Students Offered a Chance to Visit Greece

View of the Acropolis in Athens, Greece. Photo courtesy of Creative Commons.

Andrew Hartnett

Photo editor

From May 19 to June 4, 2017, students at the college will be able to travel around various regions of Greece. The trip will examine the complex nature of both ancient and modern Greece.

The trip is a collaboration with Tyler Junior College and the University of Texas at Tyler. For $3,265 the package will include accommodations, two meals a day per itinerary, entrance fees, land transportation within Greece, hotel transfers, administrative fees and orientation costs. Airfare costs are excluded from the package and all arrangements are made with a travel agent working on behalf of Tyler Junior College. Participants are expected to cover all costs themselves.

Professor William K. Stockton says the college has been doing trips similar to this one every year since the 1980s. The International Education office sponsors the trips and helps make them possible. He has personally been involved in several of them, including visits to countries such as Turkey, Italy, Switzerland and France. As a teacher of Greek history, Stockton says that students can receive college credit for attending the trip if they take his independent study class during spring semester.

Normally there are anywhere from six to 11 students from the college who participate in the trip. The first few days of the journey are spent in Athens, where students will visit sites including the Acropolis, the Theater of Dionysius, the Temple of Athena Nike, the Pantheon and a variety of museums. On the end of the fourth day, the group will travel to the town of Nafplion via Corinth Canal and Epidaurus. The group will see neoclassical houses, Turkish fountains and mosques and many other impressive features in Nafplion.

On the fifth day, the group will travel from Nafplion to the archeological site of Mycenae, home of King Agamemnon and several important architectural sites including the Citadel, Lion Gate and Royal Cemetery. From there the group will travel to Olympia and stay overnight, where the following day they will visit the grounds of the original Olympic games. After three and a half hours of travelling, they will reach the town of Delphi, where the ancient Greeks believed the center of the known world was located and where Heaven and Earth met.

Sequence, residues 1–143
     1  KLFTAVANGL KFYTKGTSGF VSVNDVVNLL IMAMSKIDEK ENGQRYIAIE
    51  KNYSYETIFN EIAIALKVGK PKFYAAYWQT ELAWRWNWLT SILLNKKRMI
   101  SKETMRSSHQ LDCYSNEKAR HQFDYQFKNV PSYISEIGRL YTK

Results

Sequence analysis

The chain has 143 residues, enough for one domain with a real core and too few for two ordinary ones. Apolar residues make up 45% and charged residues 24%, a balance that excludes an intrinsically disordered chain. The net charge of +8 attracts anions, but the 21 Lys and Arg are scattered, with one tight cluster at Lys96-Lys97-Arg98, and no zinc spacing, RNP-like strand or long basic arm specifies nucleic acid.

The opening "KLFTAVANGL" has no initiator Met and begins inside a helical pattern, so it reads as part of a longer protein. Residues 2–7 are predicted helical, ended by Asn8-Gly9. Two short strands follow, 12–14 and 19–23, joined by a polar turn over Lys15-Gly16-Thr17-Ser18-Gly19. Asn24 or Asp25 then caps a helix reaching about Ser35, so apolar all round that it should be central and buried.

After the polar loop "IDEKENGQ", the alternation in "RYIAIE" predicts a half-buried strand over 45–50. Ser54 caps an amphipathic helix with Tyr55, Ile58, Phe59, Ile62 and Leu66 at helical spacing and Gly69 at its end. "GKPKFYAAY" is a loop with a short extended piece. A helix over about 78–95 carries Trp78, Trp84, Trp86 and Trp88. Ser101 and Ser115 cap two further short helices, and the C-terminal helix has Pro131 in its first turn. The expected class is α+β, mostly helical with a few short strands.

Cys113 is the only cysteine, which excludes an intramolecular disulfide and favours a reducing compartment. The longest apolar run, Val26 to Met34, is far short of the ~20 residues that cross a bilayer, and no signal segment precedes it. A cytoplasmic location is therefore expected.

The following day, the group will spend nearly six and a half hours travelling to Sivota via Preveza and Parga. The group has the next day to relax and roam independently. On the ninth day, the group will take a scenic route to the traditional mountain settlements of Zagori where they will eventually visit the clifftop monastery of Agia Paraskevi and enjoy views from the Oxia lookout point.

Over the course of the next three days, the group will hit the road and visit a variety of towns and important landmarks, including Ioannina, Kalabaka, Meteora and finally Thessaloniki, where they will transfer to the airport on the morning of June 1 and fly to the small island of Santorini. A day is spent in Santorini, followed by a flight back to Athens where the group has one last day to rest and gather their provisions. On June 4, the group will leave Greece and head out for their next destination.

Stockton spoke about the experience of going on trips such as this, saying, “It’s just a ton of fun, plus I get to learn things. That’s why I teach, so I can learn.”

A deposit of $1,265 is required by Jan. 3, 2017, with a full payment due by Feb. 2, 2017. According to a flier, travelers are welcome to join the tour at the last minute as long as the organizers have the space and are able to make arrangements after the deadline. The tour is open to the public; any community member, student or faculty member of any age may enroll.

For more information, contact Dr. William K. Stockton at or extension 3720.


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